Children's Relationships with Caregivers: Mothers and Child Care Teachers


  • Some of the teacher-child and mother-child attachment Q-sets were gathered as part of the dissertation of Darlene Galluzzo, the masters theses of Virginia Davila and Ellen Wolpow, and the National Child Care Staffing Study. Thank you for making the data available to us. Thanks also to the research team who worked on the two longitudinal studies: Kristin Droege, Darlene Galluzzo, Annette Groen, Catherine Matheson, Lisabeth Meyers, Jacqueline Moore, Leslie Philipsen, Ellen Wolpow, and Fang Wu. The research could not have been completed without the cooperation of the participating families and child care teachers.

Reprint requests may be addressed to Carollee Howes, Graduate School of Education, University of California, Los Angeles, 405 Hilgard Avenue, Los Angeles, CA 90024–1521.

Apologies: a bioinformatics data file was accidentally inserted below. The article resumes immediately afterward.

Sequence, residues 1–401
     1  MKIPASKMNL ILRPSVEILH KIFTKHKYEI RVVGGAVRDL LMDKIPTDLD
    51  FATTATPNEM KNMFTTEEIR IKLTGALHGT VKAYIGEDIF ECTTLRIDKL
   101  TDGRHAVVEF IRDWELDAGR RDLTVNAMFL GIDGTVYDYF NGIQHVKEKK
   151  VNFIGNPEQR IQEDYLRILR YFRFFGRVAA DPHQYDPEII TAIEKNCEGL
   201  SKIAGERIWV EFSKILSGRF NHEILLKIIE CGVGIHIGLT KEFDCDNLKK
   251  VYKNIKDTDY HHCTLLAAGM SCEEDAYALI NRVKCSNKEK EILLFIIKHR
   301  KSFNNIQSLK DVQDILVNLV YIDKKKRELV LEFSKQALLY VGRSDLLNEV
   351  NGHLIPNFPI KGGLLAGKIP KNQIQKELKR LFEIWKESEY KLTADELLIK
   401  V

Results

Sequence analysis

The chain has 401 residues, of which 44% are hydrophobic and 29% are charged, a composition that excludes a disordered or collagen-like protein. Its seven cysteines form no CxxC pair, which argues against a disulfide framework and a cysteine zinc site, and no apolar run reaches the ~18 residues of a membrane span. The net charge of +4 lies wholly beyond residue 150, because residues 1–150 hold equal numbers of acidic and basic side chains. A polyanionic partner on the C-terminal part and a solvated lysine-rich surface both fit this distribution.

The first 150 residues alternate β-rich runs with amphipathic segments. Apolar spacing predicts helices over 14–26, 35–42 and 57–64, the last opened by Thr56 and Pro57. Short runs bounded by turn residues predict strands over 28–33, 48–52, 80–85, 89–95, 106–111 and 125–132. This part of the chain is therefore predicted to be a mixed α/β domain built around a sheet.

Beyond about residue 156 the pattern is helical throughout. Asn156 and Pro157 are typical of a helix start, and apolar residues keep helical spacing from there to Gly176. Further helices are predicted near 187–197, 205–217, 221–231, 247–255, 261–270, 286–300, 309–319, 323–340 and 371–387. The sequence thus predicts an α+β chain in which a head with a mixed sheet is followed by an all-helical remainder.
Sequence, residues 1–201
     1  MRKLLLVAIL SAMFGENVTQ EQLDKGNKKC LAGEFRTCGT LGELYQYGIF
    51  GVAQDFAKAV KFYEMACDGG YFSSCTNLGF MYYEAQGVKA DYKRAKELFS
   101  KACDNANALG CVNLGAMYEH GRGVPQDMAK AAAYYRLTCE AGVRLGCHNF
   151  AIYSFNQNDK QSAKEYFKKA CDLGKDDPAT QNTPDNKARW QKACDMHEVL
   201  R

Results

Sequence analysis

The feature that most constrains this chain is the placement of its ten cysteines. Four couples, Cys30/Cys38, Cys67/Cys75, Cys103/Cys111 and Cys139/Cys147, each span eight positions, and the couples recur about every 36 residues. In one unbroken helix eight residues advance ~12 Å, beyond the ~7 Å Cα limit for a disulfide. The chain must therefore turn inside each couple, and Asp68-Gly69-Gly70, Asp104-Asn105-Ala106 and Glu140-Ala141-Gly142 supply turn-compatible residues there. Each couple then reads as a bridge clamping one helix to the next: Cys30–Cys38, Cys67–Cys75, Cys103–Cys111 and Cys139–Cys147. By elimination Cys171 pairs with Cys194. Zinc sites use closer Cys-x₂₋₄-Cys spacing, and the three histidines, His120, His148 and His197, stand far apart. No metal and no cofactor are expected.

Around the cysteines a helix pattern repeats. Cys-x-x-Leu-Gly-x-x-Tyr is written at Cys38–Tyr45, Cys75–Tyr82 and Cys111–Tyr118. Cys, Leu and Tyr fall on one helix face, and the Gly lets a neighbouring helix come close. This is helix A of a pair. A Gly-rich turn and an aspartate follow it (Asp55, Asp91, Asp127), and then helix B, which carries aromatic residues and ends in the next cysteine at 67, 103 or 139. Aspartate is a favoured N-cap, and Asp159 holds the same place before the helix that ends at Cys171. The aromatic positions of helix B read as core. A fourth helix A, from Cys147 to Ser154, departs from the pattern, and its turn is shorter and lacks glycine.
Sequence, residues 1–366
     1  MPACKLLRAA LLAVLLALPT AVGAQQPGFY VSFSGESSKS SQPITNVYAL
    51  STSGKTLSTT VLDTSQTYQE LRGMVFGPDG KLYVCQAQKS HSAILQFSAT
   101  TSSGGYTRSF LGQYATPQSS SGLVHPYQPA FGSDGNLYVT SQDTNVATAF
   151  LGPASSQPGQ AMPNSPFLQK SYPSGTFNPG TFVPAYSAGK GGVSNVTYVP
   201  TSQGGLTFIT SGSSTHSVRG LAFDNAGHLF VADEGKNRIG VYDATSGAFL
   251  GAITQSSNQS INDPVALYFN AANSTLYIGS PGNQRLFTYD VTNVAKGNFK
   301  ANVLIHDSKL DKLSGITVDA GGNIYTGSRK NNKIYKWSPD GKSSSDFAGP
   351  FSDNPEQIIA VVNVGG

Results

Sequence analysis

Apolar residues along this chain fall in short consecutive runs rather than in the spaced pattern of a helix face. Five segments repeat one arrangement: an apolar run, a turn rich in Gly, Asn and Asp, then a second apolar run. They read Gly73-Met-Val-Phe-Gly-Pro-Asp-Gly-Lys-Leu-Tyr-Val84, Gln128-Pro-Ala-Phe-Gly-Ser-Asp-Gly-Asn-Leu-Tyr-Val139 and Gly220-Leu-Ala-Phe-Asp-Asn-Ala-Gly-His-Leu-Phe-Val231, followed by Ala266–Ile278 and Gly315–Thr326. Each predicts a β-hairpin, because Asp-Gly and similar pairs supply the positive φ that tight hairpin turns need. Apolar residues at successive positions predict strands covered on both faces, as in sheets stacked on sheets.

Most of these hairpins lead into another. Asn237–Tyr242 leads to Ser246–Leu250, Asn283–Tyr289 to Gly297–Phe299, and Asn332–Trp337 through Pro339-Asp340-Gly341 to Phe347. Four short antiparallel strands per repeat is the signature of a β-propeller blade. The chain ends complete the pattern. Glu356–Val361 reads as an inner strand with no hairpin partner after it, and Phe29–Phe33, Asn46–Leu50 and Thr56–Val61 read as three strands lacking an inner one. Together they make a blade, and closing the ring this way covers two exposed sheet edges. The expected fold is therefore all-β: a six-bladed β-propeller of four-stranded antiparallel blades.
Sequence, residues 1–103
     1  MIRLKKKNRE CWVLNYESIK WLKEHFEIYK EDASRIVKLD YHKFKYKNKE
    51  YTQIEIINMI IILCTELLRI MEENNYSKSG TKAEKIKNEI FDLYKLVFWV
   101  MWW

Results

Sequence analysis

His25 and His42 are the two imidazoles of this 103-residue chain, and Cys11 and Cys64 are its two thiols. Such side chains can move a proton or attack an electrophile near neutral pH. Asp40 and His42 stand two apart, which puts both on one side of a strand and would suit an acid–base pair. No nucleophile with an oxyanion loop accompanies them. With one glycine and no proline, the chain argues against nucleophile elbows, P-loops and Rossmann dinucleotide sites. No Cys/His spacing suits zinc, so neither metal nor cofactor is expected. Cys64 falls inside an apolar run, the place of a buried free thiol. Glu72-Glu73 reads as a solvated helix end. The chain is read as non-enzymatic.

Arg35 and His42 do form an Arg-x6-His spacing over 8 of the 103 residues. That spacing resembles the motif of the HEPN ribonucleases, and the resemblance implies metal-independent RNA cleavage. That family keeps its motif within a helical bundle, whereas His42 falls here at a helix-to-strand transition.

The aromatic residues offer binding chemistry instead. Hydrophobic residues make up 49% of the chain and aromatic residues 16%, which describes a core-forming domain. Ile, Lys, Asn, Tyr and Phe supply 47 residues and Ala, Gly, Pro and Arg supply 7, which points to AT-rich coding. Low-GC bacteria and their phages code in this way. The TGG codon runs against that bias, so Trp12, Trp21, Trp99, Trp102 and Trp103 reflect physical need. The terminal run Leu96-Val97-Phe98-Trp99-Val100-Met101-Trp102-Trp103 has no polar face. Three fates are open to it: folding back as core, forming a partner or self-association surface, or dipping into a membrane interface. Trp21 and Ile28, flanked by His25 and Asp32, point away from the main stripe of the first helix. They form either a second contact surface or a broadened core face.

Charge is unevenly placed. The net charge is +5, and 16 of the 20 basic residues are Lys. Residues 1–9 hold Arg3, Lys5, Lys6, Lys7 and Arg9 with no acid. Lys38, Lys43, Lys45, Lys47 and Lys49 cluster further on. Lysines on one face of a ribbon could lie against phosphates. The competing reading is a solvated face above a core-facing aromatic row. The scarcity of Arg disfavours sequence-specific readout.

Infant, toddler, and preschool children's relationships with mothers and teachers were examined in this study. 110 children were observed with their mothers during child care arrivals and reunions. 403 children were observed with their teachers in child care. 3 categories of relationships were derived from these observations. Children in the secure relationship category experienced more teacher involvement than children in the avoidant or ambivalent relationship categories. Children in the ambivalent relationship categories experienced more teacher involvement than children in avoidant relationship categories. A subsample (n= 23) of children were seen with their mothers both during child care arrivals and reunions and in the Strange Situation. Relationship classifications were similar.